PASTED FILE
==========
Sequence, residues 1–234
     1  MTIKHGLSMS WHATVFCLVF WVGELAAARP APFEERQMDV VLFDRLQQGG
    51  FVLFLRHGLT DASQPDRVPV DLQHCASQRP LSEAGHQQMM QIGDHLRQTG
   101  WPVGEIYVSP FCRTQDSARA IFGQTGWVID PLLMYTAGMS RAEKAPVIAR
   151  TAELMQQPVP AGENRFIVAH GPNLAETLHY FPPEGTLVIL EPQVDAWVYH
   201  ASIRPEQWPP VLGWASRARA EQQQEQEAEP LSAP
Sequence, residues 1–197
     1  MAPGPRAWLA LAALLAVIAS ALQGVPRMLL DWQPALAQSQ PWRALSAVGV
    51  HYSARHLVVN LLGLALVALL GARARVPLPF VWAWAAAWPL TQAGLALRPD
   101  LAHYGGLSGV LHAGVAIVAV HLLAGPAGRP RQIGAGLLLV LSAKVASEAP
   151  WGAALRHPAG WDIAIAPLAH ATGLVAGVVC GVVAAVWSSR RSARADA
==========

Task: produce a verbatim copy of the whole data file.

Sequence, residues 1–234
     1  MTIKHGLSMS WHATVFCLVF WVGELAAARP APFEERQMDV VLFDRLQQGG
    51  FVLFLRHGLT DASQPDRVPV DLQHCASQRP LSEAGHQQMM QIGDHLRQTG
   101  WPVGEIYVSP FCRTQDSARA IFGQTGWVID PLLMYTAGMS RAEKAPVIAR
   151  TAELMQQPVP AGENRFIVAH GPNLAETLHY FPPEGTLVIL EPQVDAWVYH
   201  ASIRPEQWPP VLGWASRARA EQQQEQEAEP LSAP
Sequence, residues 1–197
     1  MAPGPRAWLA LAALLAVIAS ALQGVPRMLL DWQPALAQSQ PWRALSAVGV
    51  HYSARHLVVN LLGLALVALL GARARVPLPF VWAWAAAWPL TQAGLALRPD
   101  LAHYGGLSGV LHAGVAIVAV HLLAGPAGRP RQIGAGLLLV LSAKVASEAP
   151  WGAALRHPAG WDIAIAPLAH ATGLVAGVVC GVVAAVWSSR RSARADA